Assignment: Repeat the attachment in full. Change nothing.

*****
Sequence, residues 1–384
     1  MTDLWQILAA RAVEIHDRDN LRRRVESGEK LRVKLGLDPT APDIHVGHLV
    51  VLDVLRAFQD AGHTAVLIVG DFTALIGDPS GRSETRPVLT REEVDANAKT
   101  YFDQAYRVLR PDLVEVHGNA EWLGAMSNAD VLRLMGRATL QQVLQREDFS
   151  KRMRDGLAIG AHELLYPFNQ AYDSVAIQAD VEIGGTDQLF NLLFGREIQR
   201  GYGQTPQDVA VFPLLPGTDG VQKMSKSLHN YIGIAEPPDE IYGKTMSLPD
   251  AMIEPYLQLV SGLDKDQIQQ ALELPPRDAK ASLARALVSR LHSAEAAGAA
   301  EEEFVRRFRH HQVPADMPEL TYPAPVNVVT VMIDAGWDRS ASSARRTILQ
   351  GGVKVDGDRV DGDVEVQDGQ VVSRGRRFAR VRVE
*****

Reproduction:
Sequence, residues 1–384
     1  MTDLWQILAA RAVEIHDRDN LRRRVESGEK LRVKLGLDPT APDIHVGHLV
    51  VLDVLRAFQD AGHTAVLIVG DFTALIGDPS GRSETRPVLT REEVDANAKT
   101  YFDQAYRVLR PDLVEVHGNA EWLGAMSNAD VLRLMGRATL QQVLQREDFS
   151  KRMRDGLAIG AHELLYPFNQ AYDSVAIQAD VEIGGTDQLF NLLFGREIQR
   201  GYGQTPQDVA VFPLLPGTDG VQKMSKSLHN YIGIAEPPDE IYGKTMSLPD
   251  AMIEPYLQLV SGLDKDQIQQ ALELPPRDAK ASLARALVSR LHSAEAAGAA
   301  EEEFVRRFRH HQVPADMPEL TYPAPVNVVT VMIDAGWDRS ASSARRTILQ
   351  GGVKVDGDRV DGDVEVQDGQ VVSRGRRFAR VRVE